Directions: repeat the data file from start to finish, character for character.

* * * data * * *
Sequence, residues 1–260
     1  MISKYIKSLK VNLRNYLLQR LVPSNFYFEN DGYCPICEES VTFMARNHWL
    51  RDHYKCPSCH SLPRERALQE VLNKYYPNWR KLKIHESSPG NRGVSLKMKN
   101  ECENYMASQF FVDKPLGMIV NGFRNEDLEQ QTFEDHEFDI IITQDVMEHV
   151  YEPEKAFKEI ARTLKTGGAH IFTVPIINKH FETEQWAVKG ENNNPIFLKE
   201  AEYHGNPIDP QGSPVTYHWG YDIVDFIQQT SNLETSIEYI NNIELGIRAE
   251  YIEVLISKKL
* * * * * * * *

Sequence, residues 1–260
     1  MISKYIKSLK VNLRNYLLQR LVPSNFYFEN DGYCPICEES VTFMARNHWL
    51  RDHYKCPSCH SLPRERALQE VLNKYYPNWR KLKIHESSPG NRGVSLKMKN
   101  ECENYMASQF FVDKPLGMIV NGFRNEDLEQ QTFEDHEFDI IITQDVMEHV
   151  YEPEKAFKEI ARTLKTGGAH IFTVPIINKH FETEQWAVKG ENNNPIFLKE
   201  AEYHGNPIDP QGSPVTYHWG YDIVDFIQQT SNLETSIEYI NNIELGIRAE
   251  YIEVLISKKL